6. Fire Element: Go to your practice space, sit a moment to pause and sense how your body has awoken. Begin NOW. Practice a pranayam first to tune in to the body and perhaps palm over the eyes to awaken. Then whatever practice your body yearns for – there are many suggestions based on the doshas on the internet and indeed many teachers have shared morning practices on Youtube. Yet, the best practice will come from within – one morning it might be sun salutations, another the Tibetan 5 Rites, another all that arises is the need for balasana/child with a nadi shodhana/alternate nostril breath, or perhaps a few kriyas from the kundalini series.
7. Air, space Elements & consciousness: My biggest tip is to begin with the breath and read the body from there…my second tip is from Kara-Leah Grant’s Forty Days of Yoga you need only start with a commitment of merely 7 minutes and see where you go from there – but set a parameter. The parameter for this post is a morning practice but this may in all honesty not be appropriate for your life so be open to who you are – you may work shifts, have other predawn commitments so the shape of your day, yourself will need to be respected. My third tip is to end with a meditation so that the day begins with clarity. On this website: Listen here. Read here.
8. Return to the seed you planted whilst still in bed “In this day how can I best serve” Set your intention for the day ahead
9. Celebrate with a meal
10. Step out now to meet the sun

These tips may help but it strikes me that letting go of the attachment to yogic perfection, the should be up pre-dawn or at x y z time, is the magic key that will open up the space and let the practice happen in the natural rhythm of you.

Practice options

Internet Searches you can try:

Anmol Mehta: A morning wakeup Kundalini practice

Sunrise Dreaming

Sunrise Dreaming

Yoga International: 7 Morning Makeovers
Yoga Journal: Wake up Routine
Tibetan 5 Rites
Mind Body Green: 10 min morning wake-up sequence
Esther Eckhart:Morning Yoga Flow on Youtube
Byron Yoga Morning Meditation
And the best resource to really examine what it ‘the thing is’ about you, resistance and practice: 40 Days of Yoga Kara-Leah Grant…again & again return, listen, breathe practice.


Luminosity Lotus Lake

 

I began a recent class with participants seated, right hand over the belly and left over the heart connecting in with two places of intelligence within the body and we asked the third intelligence, the mind, to follow the breath with ‘I am’ or to choose ‘So Ham’ meditation. We sat like this for three minutes then when we reached an inner quiet we sat to ‘be’.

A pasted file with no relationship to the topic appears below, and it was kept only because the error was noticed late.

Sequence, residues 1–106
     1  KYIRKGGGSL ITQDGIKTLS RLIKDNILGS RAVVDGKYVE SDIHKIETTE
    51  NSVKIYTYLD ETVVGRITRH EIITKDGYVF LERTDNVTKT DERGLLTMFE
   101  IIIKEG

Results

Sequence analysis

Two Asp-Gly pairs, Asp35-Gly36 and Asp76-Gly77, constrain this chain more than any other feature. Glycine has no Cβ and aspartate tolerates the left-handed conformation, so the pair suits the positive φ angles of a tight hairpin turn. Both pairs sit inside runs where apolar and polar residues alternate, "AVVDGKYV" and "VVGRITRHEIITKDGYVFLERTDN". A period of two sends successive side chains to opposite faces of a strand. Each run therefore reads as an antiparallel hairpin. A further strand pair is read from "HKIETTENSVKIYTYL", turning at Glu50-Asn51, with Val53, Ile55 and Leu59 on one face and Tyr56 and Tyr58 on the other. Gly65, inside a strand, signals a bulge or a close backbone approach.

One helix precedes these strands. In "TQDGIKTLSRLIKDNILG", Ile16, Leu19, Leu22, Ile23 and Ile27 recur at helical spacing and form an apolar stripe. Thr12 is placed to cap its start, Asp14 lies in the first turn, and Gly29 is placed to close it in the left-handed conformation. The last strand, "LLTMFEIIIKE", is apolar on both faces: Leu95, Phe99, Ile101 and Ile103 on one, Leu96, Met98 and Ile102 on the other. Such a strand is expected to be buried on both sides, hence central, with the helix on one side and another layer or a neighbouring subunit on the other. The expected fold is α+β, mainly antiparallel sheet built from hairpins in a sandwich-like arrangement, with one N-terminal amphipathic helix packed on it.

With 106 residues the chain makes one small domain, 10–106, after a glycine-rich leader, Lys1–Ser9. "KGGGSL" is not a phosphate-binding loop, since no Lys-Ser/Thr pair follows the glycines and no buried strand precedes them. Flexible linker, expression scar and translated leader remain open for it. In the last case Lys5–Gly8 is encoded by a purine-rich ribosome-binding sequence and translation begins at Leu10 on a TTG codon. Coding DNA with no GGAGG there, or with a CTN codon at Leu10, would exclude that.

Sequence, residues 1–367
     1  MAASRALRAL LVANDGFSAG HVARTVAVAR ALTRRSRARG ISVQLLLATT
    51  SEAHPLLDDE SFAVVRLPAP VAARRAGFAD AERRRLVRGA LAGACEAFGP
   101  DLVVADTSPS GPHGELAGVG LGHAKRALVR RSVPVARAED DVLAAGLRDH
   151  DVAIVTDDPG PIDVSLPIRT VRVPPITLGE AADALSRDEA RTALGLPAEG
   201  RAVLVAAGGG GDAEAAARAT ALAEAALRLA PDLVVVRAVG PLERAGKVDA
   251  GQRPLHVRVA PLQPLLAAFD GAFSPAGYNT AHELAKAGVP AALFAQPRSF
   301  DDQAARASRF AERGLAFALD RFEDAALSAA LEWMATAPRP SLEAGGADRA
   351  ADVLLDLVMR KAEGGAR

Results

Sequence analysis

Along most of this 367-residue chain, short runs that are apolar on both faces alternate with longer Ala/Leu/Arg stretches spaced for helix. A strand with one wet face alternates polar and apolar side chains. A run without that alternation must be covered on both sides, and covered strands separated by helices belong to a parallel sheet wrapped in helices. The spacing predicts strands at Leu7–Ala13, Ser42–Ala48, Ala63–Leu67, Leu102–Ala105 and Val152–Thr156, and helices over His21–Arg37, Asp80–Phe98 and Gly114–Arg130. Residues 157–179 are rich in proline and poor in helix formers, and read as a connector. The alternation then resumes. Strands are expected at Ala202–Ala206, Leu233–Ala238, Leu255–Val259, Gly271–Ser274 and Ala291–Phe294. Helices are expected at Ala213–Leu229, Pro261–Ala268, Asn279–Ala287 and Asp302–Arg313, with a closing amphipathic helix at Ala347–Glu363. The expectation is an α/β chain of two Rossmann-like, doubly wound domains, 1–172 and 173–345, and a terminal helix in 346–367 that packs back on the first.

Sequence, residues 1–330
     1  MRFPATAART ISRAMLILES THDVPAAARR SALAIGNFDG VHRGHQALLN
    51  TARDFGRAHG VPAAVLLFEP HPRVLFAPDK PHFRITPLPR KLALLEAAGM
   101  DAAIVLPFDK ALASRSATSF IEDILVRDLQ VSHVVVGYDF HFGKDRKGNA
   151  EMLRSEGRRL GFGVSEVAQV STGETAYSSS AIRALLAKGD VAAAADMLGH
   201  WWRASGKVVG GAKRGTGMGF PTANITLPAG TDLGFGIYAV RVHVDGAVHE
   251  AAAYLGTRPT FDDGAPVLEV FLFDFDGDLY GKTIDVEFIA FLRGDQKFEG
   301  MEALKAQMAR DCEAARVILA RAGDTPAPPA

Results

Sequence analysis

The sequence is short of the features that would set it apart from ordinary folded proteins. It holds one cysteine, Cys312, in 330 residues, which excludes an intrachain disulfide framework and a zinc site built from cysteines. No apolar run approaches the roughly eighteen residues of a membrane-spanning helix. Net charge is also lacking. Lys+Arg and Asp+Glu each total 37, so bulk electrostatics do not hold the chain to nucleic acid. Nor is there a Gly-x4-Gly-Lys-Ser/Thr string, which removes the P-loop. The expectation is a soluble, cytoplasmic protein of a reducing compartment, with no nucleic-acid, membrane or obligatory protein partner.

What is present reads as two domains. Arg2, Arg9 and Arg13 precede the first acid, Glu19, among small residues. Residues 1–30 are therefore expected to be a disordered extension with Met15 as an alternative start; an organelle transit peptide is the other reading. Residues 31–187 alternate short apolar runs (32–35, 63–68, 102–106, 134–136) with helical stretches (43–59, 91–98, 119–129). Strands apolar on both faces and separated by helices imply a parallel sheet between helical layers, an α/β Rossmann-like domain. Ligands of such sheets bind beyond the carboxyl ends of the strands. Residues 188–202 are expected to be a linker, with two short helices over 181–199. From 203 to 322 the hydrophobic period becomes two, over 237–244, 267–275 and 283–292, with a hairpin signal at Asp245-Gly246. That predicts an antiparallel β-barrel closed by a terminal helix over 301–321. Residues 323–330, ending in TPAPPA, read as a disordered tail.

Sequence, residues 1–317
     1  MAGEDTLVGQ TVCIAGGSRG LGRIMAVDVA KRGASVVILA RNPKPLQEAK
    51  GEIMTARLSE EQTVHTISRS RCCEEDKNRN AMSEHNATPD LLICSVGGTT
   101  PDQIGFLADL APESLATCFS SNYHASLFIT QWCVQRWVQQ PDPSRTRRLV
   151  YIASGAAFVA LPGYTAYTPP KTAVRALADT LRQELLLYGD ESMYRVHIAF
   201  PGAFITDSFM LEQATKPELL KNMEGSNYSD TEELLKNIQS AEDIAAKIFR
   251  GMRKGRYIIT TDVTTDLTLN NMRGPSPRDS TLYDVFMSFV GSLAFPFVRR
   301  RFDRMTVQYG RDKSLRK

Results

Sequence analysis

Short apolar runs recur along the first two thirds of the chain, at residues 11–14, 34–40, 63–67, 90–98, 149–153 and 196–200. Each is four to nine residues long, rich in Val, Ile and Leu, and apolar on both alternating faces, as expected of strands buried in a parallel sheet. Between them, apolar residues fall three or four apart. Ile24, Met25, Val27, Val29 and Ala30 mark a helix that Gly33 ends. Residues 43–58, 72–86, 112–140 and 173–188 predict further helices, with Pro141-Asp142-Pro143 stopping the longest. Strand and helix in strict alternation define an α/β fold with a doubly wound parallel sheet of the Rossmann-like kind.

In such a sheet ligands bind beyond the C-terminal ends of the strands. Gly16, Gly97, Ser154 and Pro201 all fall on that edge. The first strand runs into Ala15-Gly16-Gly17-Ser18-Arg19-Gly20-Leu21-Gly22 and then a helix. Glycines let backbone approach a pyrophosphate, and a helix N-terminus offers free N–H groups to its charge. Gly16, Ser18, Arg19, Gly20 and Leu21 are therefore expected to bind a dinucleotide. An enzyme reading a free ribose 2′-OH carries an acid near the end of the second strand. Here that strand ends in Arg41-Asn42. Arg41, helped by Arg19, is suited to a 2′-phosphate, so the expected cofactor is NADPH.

In that state the natural breath flowed and in the background I introduced the final verse for Chapter 3 from the yoga Sutras:

Yoga Sutra 3:55 ‘In the merging of pure being and self there is absolute freedom’

And I hope as the class breathed that I shared aurally some of the substance in the below notes:
To free our consciousness from attachments, aversions, afflictions this leads to clarity – like a murky lake let all the muddied water of your distractions, habits, conditioned thoughts drop like sediment below and reveal the transparency of your inner light – let your lake glow in clear light. This is the luminosity that Pandit Rajmani Tigunat refers to when he discusses the guidance provided in the Sutras – ‘to reclaim your luminous self, your joyous self’, free from preoccupations, acquired conditioning, mind-plays, limiting beliefs. The Sutras provide the means to identify all behaviours that serve to enslave us, ‘get to your essential nature, let the inner wisdom illuminate…the Sutras simplify everything taking us to the main point in life…’

Non-attachment

The lesson of non- attachment is critical to reaching this point of essential nature luminosity. The letting go requires non-attachment materially and mentally, not just our less attractive traits but even when we are serving fully, positively – to serve without expectation, to give with love and unconditionally. This will bring freedom because we stop placing the weight of expectation on every action, we stop anxieties developing because we think were are not good enough or liked enough if some acknowledgement or other didn’t come our way. Offer outward to others freely and do not be attached to the outcome …practiced with clarity, ‘absolute freedom’ –free of doubt, at least in those moments – will be experienced. Practice again and again.
In one of the Yoga Nidra texts Satyananda describes: ‘The water never touches the petals of the lotus flower.

Lotus Water Roots

Lotus Water Roots